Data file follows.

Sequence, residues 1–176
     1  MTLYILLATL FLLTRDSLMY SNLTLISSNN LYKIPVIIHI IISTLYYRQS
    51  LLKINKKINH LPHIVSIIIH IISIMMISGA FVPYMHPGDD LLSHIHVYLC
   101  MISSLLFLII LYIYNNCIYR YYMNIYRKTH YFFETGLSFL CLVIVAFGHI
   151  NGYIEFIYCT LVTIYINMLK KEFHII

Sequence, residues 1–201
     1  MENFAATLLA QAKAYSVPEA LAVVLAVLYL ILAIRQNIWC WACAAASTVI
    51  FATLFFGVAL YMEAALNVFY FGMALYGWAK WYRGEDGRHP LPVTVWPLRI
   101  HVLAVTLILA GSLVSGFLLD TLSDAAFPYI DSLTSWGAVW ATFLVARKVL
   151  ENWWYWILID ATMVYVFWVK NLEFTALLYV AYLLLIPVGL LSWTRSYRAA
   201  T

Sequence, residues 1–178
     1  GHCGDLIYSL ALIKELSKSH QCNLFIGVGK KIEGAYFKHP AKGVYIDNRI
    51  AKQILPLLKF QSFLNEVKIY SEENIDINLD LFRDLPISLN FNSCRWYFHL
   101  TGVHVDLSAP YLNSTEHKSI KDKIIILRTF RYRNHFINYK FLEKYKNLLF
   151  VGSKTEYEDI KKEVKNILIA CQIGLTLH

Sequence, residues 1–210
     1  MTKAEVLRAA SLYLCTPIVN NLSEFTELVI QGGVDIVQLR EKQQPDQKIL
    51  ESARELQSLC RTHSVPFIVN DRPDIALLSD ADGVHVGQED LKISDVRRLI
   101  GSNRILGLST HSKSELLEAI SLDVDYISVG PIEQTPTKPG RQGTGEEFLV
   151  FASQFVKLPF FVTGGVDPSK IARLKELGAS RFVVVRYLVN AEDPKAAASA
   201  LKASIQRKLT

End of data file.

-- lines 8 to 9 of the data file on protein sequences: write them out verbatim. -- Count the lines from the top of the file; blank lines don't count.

    51  FATLFFGVAL YMEAALNVFY FGMALYGWAK WYRGEDGRHP LPVTVWPLRI
   101  HVLAVTLILA GSLVSGFLLD TLSDAAFPYI DSLTSWGAVW ATFLVARKVL